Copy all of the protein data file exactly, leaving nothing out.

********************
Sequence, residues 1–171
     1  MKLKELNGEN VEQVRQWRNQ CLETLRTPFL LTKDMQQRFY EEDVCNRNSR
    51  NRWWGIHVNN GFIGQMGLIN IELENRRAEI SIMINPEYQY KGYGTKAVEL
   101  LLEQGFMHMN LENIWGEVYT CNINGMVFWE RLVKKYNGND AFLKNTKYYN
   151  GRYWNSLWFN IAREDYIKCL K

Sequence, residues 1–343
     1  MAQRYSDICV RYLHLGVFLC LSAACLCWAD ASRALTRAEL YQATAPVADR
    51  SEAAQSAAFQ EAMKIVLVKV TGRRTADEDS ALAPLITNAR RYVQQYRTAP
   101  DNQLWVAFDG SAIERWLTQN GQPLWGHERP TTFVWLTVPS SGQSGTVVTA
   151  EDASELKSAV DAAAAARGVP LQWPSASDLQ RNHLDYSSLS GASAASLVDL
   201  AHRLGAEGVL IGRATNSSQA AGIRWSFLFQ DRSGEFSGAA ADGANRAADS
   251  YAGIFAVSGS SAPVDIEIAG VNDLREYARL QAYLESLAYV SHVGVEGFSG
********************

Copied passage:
Sequence, residues 1–171
     1  MKLKELNGEN VEQVRQWRNQ CLETLRTPFL LTKDMQQRFY EEDVCNRNSR
    51  NRWWGIHVNN GFIGQMGLIN IELENRRAEI SIMINPEYQY KGYGTKAVEL
   101  LLEQGFMHMN LENIWGEVYT CNINGMVFWE RLVKKYNGND AFLKNTKYYN
   151  GRYWNSLWFN IAREDYIKCL K

Sequence, residues 1–343
     1  MAQRYSDICV RYLHLGVFLC LSAACLCWAD ASRALTRAEL YQATAPVADR
    51  SEAAQSAAFQ EAMKIVLVKV TGRRTADEDS ALAPLITNAR RYVQQYRTAP
   101  DNQLWVAFDG SAIERWLTQN GQPLWGHERP TTFVWLTVPS SGQSGTVVTA
   151  EDASELKSAV DAAAAARGVP LQWPSASDLQ RNHLDYSSLS GASAASLVDL
   201  AHRLGAEGVL IGRATNSSQA AGIRWSFLFQ DRSGEFSGAA ADGANRAADS
   251  YAGIFAVSGS SAPVDIEIAG VNDLREYARL QAYLESLAYV SHVGVEGFSG